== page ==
SIA believes the PIV II technical requirements for the implementation of HSPD-12 require an investment both financially and in the development of new infrastructure. However, the scope of the investment and time required for implementation were underestimated by the government when it set goals for the deployment of HSPD-12 through Office of Management and Budget (OMB) Memorandum M-05-24. Traditionally the functions of authentication and authorization have resided locally with the administrator of the physical access control system (PACS). The HSPD-12 and Federal Information Processing Standard (FIPS) 201 model have changed this: the credential issuer to a large degree now handles authentication while authorization remains a function of the PACS. This has created a unique challenge facing federal agencies, the development of a substantial shared infrastructure to accommodate the increased functionality and security features of the PIV II credential. For many agencies, the development of this new infrastructure presents a significant learning curve that they are working diligently to overcome.
Mr. Chairman, the implementation of HSPD-12 is truly a pioneering effort on behalf of the federal government. It requires that the human resources, information technology, and security departments interface and cooperate on an unprecedented level. These three disciplines traditionally are different in cultures and basic objectives. This creates challenges for all parties involved in implementing HSPD-12.
Although HSPD-12 may not draw the attention of our nationâ€™s major media outlets, the world is watching. HSPD-12 is truly transformational. The issuance of OMB Memorandum M-05-24 was a bold move. In spite of the technical and procedural challenges, the subcommittee should note that there has been enough early success to attract scrutiny of HSPD-12 by other nations, state and local governments and other industry sectors.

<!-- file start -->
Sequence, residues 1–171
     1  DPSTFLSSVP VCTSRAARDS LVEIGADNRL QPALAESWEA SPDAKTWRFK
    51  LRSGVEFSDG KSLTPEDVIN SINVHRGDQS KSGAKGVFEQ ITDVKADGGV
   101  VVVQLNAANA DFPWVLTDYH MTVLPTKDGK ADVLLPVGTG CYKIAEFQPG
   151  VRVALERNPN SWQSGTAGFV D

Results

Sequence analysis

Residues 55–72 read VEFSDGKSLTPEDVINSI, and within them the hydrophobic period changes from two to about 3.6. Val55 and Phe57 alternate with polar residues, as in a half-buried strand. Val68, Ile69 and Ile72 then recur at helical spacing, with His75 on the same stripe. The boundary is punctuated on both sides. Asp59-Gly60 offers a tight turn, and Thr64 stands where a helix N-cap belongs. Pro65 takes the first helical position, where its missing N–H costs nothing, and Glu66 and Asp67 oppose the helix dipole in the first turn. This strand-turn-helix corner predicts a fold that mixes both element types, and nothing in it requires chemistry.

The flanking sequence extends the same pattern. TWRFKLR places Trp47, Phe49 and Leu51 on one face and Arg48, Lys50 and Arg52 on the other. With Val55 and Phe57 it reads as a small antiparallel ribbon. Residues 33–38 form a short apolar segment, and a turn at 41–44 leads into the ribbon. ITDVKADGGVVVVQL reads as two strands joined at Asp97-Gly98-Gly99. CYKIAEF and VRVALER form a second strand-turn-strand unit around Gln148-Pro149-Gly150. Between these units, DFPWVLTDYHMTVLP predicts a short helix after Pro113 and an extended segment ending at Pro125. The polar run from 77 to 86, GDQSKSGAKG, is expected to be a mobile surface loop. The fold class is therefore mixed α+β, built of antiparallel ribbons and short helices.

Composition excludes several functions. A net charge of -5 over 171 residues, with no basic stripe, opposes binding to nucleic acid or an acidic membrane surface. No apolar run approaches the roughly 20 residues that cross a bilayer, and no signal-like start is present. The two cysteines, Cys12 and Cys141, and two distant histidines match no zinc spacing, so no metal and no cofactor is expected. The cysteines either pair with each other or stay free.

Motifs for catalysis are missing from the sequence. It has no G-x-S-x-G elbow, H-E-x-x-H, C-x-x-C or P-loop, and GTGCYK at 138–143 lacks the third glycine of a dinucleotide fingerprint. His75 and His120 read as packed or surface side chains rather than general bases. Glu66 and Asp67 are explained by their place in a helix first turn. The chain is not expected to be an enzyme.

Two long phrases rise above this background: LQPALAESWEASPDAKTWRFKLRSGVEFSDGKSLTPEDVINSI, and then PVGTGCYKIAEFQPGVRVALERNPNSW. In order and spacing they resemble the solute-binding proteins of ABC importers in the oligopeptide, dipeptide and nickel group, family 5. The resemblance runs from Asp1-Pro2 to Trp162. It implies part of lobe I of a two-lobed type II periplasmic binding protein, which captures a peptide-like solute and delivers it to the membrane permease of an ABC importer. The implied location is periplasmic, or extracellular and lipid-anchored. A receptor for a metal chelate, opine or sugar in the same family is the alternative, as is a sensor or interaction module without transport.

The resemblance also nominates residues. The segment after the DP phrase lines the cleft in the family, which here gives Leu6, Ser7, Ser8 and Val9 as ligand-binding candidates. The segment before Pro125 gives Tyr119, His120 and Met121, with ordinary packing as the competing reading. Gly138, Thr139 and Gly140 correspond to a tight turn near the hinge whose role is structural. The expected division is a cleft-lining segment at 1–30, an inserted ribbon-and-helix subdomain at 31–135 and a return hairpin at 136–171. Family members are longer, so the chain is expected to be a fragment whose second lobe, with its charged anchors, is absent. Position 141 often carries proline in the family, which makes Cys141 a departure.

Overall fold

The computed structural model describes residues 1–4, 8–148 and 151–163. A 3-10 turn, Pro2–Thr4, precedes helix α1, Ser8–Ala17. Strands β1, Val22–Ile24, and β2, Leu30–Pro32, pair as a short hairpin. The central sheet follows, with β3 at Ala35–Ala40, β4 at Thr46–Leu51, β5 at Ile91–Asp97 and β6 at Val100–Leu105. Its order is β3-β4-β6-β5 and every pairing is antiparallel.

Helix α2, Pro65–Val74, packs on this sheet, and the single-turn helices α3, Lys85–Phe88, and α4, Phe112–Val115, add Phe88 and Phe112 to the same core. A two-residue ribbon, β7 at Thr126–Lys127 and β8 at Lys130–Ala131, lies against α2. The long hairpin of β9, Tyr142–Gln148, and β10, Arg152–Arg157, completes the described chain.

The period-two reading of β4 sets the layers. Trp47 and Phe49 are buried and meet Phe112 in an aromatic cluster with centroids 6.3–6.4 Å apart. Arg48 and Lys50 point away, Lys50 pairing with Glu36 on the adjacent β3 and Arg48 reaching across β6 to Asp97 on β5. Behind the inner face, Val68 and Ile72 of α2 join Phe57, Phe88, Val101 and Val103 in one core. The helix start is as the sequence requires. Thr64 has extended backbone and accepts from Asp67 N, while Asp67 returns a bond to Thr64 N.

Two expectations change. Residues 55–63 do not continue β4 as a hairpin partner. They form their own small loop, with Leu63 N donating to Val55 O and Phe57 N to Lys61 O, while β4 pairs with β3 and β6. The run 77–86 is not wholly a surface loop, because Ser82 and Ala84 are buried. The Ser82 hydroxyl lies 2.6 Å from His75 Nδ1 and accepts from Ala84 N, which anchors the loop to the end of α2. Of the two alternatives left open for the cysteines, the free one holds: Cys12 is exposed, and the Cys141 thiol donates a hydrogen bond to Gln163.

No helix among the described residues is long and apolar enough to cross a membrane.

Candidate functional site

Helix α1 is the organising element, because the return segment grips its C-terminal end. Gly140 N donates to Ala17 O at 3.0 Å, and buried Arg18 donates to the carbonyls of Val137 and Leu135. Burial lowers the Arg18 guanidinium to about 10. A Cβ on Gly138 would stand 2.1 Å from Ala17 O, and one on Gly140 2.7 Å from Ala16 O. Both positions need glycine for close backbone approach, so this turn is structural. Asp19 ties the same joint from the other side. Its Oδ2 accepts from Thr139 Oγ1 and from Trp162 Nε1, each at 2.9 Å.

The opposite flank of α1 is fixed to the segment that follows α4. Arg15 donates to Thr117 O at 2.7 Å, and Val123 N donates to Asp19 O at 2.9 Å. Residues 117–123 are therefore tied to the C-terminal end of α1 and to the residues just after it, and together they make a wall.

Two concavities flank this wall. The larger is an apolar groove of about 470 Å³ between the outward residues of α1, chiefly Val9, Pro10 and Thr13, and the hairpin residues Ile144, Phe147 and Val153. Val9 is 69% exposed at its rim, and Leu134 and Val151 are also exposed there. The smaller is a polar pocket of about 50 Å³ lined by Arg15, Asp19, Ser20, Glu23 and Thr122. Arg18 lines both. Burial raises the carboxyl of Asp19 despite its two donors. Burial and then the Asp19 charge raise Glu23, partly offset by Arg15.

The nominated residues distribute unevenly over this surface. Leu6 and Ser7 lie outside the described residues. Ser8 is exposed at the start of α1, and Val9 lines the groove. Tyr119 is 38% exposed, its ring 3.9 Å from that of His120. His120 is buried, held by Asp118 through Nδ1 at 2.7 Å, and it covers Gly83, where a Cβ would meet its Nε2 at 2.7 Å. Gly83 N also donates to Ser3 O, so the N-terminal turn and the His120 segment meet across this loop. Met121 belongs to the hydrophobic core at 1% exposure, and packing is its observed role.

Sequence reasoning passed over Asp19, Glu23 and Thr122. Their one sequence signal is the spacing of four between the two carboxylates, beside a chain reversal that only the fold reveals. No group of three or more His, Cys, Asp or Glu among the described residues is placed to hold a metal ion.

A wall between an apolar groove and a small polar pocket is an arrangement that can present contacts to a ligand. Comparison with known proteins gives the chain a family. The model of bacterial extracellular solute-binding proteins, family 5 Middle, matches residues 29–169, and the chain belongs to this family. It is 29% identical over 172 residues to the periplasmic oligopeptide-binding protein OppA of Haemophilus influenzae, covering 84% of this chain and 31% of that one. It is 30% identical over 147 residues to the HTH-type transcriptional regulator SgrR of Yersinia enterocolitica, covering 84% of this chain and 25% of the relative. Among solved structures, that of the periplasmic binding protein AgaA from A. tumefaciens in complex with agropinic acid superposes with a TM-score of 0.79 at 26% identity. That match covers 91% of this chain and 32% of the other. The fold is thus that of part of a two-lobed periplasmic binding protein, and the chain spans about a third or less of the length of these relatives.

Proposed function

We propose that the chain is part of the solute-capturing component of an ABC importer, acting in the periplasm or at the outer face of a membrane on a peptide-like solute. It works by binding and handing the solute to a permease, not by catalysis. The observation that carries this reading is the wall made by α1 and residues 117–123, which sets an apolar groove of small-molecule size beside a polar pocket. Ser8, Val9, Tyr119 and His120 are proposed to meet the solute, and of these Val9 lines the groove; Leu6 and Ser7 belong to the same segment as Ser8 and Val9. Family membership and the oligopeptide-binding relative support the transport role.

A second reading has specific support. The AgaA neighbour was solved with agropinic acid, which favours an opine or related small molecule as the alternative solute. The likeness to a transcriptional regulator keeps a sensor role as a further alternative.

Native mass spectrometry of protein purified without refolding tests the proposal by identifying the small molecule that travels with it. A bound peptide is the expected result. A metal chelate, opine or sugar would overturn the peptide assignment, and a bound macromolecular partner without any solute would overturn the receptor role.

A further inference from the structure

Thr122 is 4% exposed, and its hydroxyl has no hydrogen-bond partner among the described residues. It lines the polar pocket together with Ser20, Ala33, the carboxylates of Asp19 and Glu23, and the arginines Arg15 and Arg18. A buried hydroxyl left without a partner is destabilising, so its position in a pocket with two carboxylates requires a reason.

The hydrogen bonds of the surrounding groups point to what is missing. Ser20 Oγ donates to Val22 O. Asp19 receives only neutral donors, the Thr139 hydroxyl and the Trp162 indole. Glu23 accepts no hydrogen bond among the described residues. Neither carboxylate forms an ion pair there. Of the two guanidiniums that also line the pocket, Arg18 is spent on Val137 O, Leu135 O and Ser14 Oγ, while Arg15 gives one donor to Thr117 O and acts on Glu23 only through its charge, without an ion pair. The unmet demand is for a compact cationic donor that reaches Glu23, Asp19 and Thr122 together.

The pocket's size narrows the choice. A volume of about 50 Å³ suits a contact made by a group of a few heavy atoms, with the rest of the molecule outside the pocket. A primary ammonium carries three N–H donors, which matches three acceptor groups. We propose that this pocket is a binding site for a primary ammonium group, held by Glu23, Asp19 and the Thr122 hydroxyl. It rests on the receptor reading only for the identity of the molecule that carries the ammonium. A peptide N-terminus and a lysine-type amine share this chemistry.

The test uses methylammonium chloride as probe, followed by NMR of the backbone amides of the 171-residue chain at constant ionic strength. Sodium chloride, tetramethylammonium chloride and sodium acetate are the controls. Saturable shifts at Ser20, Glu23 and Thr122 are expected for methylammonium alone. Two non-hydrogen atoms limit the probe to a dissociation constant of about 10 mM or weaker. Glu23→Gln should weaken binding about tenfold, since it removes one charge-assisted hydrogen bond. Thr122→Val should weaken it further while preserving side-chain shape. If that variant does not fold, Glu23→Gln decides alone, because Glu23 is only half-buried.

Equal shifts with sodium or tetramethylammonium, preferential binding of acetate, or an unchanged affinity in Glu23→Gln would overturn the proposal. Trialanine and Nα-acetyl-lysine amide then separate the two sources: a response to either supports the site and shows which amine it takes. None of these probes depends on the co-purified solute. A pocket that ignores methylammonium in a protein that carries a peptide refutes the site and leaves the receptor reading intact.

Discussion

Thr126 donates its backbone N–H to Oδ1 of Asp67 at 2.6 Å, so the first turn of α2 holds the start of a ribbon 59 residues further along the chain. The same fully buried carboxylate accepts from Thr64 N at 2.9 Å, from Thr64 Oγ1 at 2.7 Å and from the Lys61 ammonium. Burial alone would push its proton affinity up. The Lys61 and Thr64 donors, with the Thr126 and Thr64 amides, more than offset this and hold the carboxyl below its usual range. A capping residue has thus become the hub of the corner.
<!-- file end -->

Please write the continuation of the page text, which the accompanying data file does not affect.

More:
Mr. Chairman, some may question the value of the PIV II credential because of the significant cost differential compared to traditional security technologies and the additional integration efforts required. How ever, the use of an identity credential coupled with the use of fingerprints for authentication of the bearer and the use of digital certificates and Public Key Infrastructure (PKI), promises to revolutionize government, significantly increase security, and conserve taxpayer dollars.
The methods and technologies needed to utilize the capabilities of the PIV II credential in a logical or physical access control system are still being discovered and developed. In the absence of clear guidance and specifications for the systems that will use the PIV card, some manufacturers have stepped up to the challenge and absorbed substantial research and development costs to produce next generation equipment capable of utilizing the features of a PIV II credential. These costs have been significant and made progress difficult as this work has been conducted without the benefit of having operational PIV II credentials available to manufacturers to develop and test associated products.
Mr. Chairman, given this subcommitteeâ€™s oversight responsibility over the General Services Administration (GSA), you will be interested to know that this situation is exacerbated by the fact that the GSA has had to design a specification for the credential readers, and is testing to that specification, a role it has never undertaken in the past.
As a result, the GSA Approved Product List (APL) testing program had to be created from scratch. The test specifications had to be inferred from the NIST specifications that were silent on the logical and physical access control systems that would actually use the cards and card production apparatus. This made for a very lengthy process, which was challenging for both GSA and the manufacturers submitting equipment for evaluation. There is also a catch 22; only federal employees and contractors are authorized to possess PIV cards. However, manufacturers need PIV cards to develop products that will use the cards. Operational card stock for R&D and testing remains a key priority for the electronic security industry, due to the many options and variations allowed for in the NIST specifications.
GSAâ€™s current implementation of the approved products restricts these items to procurement from GSA Schedule 70, the Information Technology Schedule. However, the majority of the physical access control system components are assigned to Schedule 84, where they have always been. This makes it difficult both for the manufacturers submitting products and the government purchasers attempting to assemble systems from multiple GSA schedules. The decision to place the new PIV components â€œexclusivelyâ€ on Schedule 70 was mandated by OMB. We believe this subcommittee should encourage the dual listing of approved HSPD-12 products on both Schedule 70 and Schedule 84 to serve both the IT security and physical security needs of agencies.